By Neil Pascale
The call for improving productivity is a much easier topic to bring up and actually draw interest to during a time of recession than in a time of growth.
That’s what ADP Lightspeed CEO Laurn Rice has discovered as the leader of the industry’s largest dealer management system (DMS) company. Rice has watched as dealers and companies supporting those stores have increasingly eyed the bottom line rather than just their gross revenue as customer demand and sales fell drastically in 2009.
“When times are leaner people actually have to sit back and say, ‘How can I be more efficient at what I’m doing?’” he said.
Efficiency and productivity are words that Rice touched on consistently during a recent interview with Powersports Business that examined the goals, partnerships and business results of the powersports division of ADP. Rice said ADP Lightspeed remained a growth company in an extremely challenging 2009 as its customers sought more ways to use the tools the company provides as well as the industry data ADP Lightspeed collects.
Rice good-naturedly characterizes the industry as in the “Stone Age” when it comes to data sharing.
“Frankly the idea that shocks me the most is how little data the OEMs have about what’s happening in our industry,” he said.
ADP Lightspeed last fall integrated its data collection program into its DMS, allowing the industry an up-to-date view of what’s happening with dealership sales. The program, called Databack, provides a range of dealer performance information, from new unit margin percentages to the average parts department ticket receipt totals to service department data. Close to 500 dealers are currently involved in the subscription service, which updates data on a nightly basis. “Without data, you can’t make any types of measurements or know what you need to do next,” Rice said. “You can operate by gut feeling when the good times are there, but when they’re not, you really need to know where the holes are at. And the only way to find it is with good, accurate data.”
So why does the industry remain in the data-sharing “Stone Age,” especially in comparison to the auto industry? Rice believes much of that is because of a lack of ongoing data exchange, with OEMs currently only interfacing with dealers when stores order parts, register new units or report warranty work.
“But at that point, they (the OEM) can’t tell how long the unit has been there, what accessories have been sold with it, how often parts are breaking, what the dealer’s current inventory is,” Rice said.
Is the lack of data sharing a reflection of a lack of interest or more of a technology issue?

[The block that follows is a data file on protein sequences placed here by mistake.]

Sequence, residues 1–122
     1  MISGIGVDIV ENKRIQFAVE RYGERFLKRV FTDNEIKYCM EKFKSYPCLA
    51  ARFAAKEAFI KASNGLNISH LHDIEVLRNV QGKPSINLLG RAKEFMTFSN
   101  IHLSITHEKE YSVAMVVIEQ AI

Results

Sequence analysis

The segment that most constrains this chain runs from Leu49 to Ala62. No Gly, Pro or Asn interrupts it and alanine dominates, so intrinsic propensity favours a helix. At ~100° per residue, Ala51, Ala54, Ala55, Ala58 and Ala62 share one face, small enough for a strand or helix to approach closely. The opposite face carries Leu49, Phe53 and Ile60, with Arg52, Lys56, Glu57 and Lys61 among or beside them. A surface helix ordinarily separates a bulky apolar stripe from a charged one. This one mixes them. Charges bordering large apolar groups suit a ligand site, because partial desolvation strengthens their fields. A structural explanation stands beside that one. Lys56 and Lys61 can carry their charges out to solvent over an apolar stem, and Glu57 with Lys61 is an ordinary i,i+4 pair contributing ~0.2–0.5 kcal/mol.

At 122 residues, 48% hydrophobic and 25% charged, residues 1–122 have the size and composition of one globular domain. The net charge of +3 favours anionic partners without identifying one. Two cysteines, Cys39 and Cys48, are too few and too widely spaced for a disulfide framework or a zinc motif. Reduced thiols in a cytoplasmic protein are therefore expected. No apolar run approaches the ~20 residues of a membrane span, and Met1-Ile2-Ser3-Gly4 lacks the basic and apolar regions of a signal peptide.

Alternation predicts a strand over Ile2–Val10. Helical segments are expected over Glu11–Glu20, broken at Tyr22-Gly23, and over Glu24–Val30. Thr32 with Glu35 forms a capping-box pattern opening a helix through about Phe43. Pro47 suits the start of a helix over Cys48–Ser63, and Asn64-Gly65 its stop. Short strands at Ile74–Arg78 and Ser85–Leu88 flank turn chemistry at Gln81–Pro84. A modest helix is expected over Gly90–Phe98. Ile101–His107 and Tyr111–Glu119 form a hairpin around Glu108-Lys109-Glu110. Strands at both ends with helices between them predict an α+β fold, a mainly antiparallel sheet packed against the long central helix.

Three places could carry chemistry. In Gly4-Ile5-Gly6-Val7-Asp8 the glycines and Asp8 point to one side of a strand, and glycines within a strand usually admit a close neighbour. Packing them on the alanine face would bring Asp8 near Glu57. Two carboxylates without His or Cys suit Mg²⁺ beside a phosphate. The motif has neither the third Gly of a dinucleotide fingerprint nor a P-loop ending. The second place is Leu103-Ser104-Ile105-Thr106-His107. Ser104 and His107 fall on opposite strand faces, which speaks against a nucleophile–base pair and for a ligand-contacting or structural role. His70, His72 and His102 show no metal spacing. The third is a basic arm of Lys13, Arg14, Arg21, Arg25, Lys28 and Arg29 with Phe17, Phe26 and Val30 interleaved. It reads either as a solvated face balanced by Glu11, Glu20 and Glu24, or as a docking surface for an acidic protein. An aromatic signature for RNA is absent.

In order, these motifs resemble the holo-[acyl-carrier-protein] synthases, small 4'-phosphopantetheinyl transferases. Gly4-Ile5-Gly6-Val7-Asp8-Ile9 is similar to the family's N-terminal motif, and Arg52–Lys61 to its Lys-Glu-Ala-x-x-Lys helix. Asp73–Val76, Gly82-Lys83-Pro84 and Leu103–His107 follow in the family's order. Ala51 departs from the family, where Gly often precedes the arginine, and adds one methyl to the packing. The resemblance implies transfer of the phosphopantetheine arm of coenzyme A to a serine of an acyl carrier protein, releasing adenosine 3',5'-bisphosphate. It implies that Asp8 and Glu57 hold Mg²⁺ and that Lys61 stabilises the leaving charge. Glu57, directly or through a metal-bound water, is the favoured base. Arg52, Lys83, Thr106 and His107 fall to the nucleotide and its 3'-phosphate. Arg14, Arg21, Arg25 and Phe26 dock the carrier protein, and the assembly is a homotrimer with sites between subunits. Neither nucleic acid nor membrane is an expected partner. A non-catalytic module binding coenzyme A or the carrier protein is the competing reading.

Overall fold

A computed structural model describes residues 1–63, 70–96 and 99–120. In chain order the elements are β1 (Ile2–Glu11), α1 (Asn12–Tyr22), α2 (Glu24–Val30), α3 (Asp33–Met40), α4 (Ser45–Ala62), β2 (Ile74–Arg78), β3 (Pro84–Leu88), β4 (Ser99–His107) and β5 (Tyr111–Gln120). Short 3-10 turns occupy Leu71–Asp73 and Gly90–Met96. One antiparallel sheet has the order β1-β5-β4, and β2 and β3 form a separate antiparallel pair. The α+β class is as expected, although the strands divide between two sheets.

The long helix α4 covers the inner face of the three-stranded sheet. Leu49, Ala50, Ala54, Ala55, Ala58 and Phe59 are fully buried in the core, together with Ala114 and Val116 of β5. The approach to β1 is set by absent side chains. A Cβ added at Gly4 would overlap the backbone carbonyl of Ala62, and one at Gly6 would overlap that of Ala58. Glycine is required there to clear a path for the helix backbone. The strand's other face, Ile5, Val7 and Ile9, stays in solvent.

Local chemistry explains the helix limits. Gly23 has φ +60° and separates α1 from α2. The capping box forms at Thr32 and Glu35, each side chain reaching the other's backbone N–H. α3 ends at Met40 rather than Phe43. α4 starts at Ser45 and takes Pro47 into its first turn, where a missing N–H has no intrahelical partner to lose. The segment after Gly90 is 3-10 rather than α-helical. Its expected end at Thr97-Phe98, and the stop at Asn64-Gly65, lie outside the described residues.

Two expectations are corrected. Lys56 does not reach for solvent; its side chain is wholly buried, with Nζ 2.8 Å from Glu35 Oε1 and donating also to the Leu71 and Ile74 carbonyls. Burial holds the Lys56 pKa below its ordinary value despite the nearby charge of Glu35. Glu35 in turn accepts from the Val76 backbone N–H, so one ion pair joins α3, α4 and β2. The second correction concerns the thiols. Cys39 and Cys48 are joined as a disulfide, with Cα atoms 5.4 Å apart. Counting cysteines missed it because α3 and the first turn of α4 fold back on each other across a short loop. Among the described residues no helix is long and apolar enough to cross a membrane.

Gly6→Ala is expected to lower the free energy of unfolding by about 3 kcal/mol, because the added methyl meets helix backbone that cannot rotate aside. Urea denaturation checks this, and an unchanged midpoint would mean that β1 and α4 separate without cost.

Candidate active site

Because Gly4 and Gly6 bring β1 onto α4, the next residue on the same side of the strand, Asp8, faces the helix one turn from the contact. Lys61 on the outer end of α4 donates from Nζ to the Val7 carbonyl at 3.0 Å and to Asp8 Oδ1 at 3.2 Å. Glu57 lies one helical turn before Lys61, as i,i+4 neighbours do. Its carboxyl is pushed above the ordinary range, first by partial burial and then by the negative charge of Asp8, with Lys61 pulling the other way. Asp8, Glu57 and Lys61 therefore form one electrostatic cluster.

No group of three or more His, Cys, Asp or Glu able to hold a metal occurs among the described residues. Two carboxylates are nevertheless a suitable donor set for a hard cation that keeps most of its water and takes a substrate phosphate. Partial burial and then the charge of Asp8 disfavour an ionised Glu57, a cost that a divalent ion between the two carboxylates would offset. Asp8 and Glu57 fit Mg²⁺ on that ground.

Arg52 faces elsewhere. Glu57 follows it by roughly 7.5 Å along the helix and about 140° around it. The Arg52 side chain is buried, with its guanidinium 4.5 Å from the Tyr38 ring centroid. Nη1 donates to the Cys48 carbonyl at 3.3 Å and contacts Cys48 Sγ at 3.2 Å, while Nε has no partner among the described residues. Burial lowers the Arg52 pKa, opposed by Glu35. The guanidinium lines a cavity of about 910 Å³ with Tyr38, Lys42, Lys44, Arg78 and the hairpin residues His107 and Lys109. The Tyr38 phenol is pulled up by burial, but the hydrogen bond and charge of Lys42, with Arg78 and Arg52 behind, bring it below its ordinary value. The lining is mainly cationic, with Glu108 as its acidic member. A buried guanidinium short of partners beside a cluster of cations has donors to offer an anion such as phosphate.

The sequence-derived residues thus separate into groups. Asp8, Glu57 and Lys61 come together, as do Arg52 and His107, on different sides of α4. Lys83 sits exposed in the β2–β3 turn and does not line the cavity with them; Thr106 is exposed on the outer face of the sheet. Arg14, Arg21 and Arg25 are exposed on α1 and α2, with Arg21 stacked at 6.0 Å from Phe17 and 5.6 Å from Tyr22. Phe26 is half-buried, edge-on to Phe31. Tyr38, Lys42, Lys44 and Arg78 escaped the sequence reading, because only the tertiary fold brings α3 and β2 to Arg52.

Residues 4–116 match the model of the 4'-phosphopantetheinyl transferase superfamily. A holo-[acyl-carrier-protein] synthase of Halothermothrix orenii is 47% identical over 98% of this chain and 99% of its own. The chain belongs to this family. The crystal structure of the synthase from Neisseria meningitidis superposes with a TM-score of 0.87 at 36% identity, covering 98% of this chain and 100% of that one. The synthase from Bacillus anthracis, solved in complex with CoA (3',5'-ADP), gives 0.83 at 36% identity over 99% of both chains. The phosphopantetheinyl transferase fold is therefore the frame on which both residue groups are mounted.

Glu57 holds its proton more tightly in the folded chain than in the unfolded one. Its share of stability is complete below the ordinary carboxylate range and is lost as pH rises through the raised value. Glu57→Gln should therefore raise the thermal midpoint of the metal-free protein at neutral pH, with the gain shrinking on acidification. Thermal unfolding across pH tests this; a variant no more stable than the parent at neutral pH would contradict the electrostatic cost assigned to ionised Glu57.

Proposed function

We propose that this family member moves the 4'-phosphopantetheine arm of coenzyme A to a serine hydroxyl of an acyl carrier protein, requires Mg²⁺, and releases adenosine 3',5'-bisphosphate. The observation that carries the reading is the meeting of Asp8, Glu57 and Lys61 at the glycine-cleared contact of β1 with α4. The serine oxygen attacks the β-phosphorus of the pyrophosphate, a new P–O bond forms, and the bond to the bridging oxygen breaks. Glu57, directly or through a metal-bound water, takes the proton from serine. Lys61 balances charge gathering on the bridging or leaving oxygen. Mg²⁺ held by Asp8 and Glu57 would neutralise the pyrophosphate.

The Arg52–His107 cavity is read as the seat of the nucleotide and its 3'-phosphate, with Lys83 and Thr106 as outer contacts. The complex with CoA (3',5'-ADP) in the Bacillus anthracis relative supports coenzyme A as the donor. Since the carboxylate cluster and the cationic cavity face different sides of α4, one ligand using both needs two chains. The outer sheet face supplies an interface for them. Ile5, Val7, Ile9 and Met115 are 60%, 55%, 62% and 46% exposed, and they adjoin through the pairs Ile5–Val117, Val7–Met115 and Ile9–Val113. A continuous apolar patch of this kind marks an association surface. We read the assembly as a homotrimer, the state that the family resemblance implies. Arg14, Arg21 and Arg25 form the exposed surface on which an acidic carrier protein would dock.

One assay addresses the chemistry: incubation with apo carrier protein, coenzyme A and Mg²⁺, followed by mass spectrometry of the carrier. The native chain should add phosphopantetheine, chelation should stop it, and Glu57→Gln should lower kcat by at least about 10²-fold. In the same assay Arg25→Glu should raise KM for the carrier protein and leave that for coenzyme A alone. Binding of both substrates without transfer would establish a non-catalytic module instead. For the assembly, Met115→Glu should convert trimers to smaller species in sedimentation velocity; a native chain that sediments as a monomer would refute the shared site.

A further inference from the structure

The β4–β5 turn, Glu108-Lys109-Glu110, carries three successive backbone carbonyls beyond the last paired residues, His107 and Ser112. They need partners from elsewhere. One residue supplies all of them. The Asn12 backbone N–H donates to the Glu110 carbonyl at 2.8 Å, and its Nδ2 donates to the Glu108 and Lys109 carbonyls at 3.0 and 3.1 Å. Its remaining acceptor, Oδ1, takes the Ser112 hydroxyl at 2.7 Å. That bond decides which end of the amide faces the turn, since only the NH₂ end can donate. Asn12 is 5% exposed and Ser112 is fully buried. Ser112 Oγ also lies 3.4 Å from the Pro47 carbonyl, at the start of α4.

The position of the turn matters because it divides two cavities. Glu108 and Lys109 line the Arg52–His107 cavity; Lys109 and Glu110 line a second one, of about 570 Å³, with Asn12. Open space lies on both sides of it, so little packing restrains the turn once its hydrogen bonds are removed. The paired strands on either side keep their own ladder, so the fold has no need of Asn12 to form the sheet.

“I think it’s both,” Rice said. “The motorcycle industry for years was growing at a quick-enough pace, at a double-digit pace. As with any business, when it’s growing that fast you’re more worried about keeping up with the growth than you are about running the day-to-day details of a business.”
That obviously has changed, and Rice and company have seen the results of that. First, dealers are being more proactive in learning how to use more of the DMS tools that are already available. Secondly, industry requests to the type of dealership sales data that ADP Lightspeed collects is increasing exponentially.
“It’s going to happen very rapidly,” Rice said of the industry’s appetite for timely sales data.
Those changes have been reflected in ADP’s business results as well. The company has been challenged by dealer closures in the past year, but also has seen parts of its business expand as the need for a more thorough look at dealership profitability has surfaced.
“We’re not shrinking,” Rice said of ADP Lightspeed. “We’re not growing as fast as we used to, but we’re keeping steady (in revenue).”
The changing business landscape also has resulted in ADP Lightspeed adjusting its dealership training. In the past, the company focused more on new dealership training. Today, the company is much more focused on its current accounts.
“We found that not only are they not utilizing all the software, but the dealers that are not well trained are typically the dealerships that aren’t making as much money as they could be,” Rice said. “We would of course rather have a healthy dealer body so we’re making it a very big issue.”
Part of the change is reflected in where the training happens. No longer is ADP Lightspeed conducting as much on-site training at its Salt Lake City headquarters. Instead, the company is doing Webinars and providing online articles on how to improve store profitability. The change in training sites not only reflects a tighter expense control by dealers, but also ADP Lightspeed’s desire to train a higher number of people at the dealership. So rather than provide training for one person at Salt Lake City, ADP has offered online courses that could be used by different members of the dealership.
ADP’s business also continues to evolve in terms of its partnerships. Two years ago, the company partnered with V-SEPT to provide a CRM tool to its dealers. More recently, ADP partnered with Web site and e-commerce provider 50 Below. Rice foresees more such partnerships coming in the near future as the company continues to seek efficiency measures for its dealers.
“We are not trying to create a tool and hope the dealerships want it,” Rice said of the company’s approach to partnerships. “We’re trying to find out what are the dealerships doing already, let’s go in and automate it for them and make them efficient and raise their productivity level.
“Lightspeed’s focus is how do we make the dealership itself run more efficient? How do we raise their productivity level? If that happens, typically the end consumer’s experience is better. Plus if the dealership itself is more financially sound because they have been able to raise their productivity levels and do more with less, it’s just better for everybody.”